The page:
Diamonds / Industry

Antwerp Calls for Changes in G7 Diamond Sanctions


In a statement released today, Antwerp World Diamond Centre (AWDC) said that Antwerp doesn’t have to be the sole “rough node” for the upcoming G7 certification system meant to weed out Russian diamonds.

AWDC interim CEO Karen Rentmeesters tells JCK that other nodes could be stationed in producer countries like Botswana. That would let those nations verify the origin of their own diamonds. (Botswana is also a sorting center for De Beers production, and it’s possible a node there would be able to verify those goods, too.)

The G7 plan laid out by the European Union (EU) in December requires that all diamonds destined for a G7 country be certified in Antwerp. African producers have balked at this, arguing it would present a logistical headache. (Beneficiated goods—those cut in the same country they were mined—have always been excluded.)

AWDC now says it has no problem letting certain producers certify their own goods, though the final call will be made by governments, not industry.

Rentmeesters hopes G7 member nations and the European Union adopt a unified approach in September, when they intend to enact sanctions on diamonds over half a carat. The initial sanctions, which took effect in March, apply only to rough and polished diamonds of at least one carat.

The plan for September calls for all covered stones to be accompanied by G7 certificates, which will be supported by blockchain-based tracking programs. Rentmeesters says AWDC has brought in PricewaterhouseCoopers to test and rate the various systems, which has become a big help in determining what works.

“I do believe the technology is an essential part and will make the entire process more transparent,” she says.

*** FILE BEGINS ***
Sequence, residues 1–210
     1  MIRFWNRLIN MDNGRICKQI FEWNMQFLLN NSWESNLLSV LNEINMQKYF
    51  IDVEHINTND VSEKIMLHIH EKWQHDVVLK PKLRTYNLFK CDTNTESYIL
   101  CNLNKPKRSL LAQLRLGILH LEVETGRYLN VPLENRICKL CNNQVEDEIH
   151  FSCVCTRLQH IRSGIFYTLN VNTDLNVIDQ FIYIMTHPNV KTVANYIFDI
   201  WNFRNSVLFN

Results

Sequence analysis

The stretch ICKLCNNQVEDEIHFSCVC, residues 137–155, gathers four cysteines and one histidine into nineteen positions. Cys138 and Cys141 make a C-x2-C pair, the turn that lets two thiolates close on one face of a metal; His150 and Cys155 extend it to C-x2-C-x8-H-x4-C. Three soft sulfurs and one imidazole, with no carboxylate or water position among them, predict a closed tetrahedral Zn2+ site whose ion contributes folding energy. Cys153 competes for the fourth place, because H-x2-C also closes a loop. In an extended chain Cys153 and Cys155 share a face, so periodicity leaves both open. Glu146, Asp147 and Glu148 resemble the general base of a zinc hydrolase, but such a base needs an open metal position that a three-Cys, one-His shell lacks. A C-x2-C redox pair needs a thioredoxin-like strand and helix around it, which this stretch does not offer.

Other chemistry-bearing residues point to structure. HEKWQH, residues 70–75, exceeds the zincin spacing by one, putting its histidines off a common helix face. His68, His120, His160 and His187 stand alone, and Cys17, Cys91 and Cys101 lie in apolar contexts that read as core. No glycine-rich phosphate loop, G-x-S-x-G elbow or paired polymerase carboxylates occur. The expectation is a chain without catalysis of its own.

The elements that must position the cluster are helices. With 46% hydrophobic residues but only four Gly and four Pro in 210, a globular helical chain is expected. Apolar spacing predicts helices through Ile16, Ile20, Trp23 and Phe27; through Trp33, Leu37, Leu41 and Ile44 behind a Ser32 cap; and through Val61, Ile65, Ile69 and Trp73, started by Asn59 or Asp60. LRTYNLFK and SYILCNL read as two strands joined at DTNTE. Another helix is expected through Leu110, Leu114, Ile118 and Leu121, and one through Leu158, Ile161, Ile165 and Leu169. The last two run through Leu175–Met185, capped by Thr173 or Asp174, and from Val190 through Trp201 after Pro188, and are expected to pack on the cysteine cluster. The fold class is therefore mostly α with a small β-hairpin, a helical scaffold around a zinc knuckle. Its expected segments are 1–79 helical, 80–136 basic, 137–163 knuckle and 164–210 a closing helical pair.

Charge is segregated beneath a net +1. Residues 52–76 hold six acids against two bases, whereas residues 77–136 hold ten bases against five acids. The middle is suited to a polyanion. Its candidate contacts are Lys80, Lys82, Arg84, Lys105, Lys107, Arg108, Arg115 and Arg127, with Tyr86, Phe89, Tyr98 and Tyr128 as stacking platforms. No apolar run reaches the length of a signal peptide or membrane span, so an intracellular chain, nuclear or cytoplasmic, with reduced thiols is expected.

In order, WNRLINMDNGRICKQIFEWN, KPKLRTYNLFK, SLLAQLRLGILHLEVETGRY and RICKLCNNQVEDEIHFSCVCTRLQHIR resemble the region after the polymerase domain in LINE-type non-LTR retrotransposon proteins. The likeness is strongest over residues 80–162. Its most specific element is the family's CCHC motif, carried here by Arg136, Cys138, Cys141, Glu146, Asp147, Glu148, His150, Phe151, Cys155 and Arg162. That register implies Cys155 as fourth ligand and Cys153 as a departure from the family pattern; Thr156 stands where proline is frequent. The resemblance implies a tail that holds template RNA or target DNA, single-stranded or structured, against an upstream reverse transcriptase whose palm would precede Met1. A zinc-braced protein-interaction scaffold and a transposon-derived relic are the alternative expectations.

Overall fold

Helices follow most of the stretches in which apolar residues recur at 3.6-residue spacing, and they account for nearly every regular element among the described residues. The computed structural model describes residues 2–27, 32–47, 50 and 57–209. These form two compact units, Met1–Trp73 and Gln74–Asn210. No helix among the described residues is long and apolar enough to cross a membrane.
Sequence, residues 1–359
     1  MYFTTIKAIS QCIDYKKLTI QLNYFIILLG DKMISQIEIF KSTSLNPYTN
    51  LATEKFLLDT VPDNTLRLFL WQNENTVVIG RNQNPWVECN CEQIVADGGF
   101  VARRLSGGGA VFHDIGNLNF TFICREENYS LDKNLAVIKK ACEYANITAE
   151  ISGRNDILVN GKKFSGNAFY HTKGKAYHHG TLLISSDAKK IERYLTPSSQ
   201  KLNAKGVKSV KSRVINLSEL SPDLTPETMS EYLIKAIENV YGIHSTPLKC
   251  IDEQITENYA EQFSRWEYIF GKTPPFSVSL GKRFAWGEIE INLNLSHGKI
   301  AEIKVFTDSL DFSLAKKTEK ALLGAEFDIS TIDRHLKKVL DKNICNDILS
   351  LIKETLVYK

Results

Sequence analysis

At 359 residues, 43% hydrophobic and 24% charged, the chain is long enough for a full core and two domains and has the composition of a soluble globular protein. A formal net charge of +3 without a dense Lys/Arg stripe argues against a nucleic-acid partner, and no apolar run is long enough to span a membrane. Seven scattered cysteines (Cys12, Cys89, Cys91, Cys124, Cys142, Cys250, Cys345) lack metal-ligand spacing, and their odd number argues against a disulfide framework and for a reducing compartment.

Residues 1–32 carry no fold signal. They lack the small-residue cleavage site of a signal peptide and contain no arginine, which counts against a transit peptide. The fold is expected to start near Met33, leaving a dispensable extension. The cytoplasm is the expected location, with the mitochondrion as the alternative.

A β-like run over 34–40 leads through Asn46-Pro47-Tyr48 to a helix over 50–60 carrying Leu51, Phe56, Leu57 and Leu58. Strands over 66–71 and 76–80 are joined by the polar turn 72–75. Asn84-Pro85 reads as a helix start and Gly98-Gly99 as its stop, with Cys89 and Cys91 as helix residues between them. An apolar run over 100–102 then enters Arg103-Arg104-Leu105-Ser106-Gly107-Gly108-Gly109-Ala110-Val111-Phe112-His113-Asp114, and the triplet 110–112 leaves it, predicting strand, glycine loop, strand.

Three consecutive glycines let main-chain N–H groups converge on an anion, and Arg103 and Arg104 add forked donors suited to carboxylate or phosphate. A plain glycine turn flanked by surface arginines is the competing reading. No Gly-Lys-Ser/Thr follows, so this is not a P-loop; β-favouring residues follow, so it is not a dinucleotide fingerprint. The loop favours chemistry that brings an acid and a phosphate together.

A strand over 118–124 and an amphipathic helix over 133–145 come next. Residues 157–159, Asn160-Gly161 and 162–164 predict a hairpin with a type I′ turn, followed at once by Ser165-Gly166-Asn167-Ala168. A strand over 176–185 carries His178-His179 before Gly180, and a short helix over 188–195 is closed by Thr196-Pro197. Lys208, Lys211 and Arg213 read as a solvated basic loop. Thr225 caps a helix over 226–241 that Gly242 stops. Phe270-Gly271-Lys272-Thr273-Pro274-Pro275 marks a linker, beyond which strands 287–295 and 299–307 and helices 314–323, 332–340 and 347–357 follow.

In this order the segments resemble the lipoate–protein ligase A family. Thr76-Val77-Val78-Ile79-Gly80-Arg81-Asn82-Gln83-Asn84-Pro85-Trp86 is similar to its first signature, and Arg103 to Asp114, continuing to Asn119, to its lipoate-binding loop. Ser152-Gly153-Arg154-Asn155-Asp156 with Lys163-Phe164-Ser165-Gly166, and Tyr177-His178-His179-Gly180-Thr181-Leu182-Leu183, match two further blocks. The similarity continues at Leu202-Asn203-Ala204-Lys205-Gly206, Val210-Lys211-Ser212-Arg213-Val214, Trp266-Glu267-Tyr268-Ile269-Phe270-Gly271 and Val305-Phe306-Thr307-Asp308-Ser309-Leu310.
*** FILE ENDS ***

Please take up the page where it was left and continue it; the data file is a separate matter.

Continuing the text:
Reuters recently reported that the EU will allow the import of so-called “grandfathered” goods—meaning diamonds bought prior to sanctions—though it may require documentary evidence of their purchase date. Member nations have reportedly not yet agreed on whether the sanctions will apply to lab-grown diamonds, diamond jewelry, and diamond watches, as originally proposed.

Rentmeesters acknowledges that the G7 sanctions have caused delays importing goods into Belgium, and sometimes elsewhere.

“If the paperwork is okay, and it’s single origin, there’s usually no problem,” she says. “And by now everyone understands what the paperwork means. That doesn’t mean there aren’t delays. There’s still margin for improvement and greater efficiencies. That’s what we’re working very hard on.”

But she adds: “We have to understand that this is the biggest change in the industry’s recent history. I’m not saying we should have unlimited patience. But the sanctions started in March. It’s now May.”

And she urges those in the jewelry business to understand that sanctions on Russian diamonds are now a fact of life, whether the industry likes it or not.

“People can say whatever they like about sanctions—they are the rules,” says Rentmeesters. “The European Union is serious about sanctions. They want a credible system. We feel it needs to be workable. If we come up with a system that isn’t workable, then you’ll have all sorts of loopholes.

“We all need to adjust to this new reality. Sanctions are there. They aren’t going away.”

(Photo: Getty Images)

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By: Rob Bates

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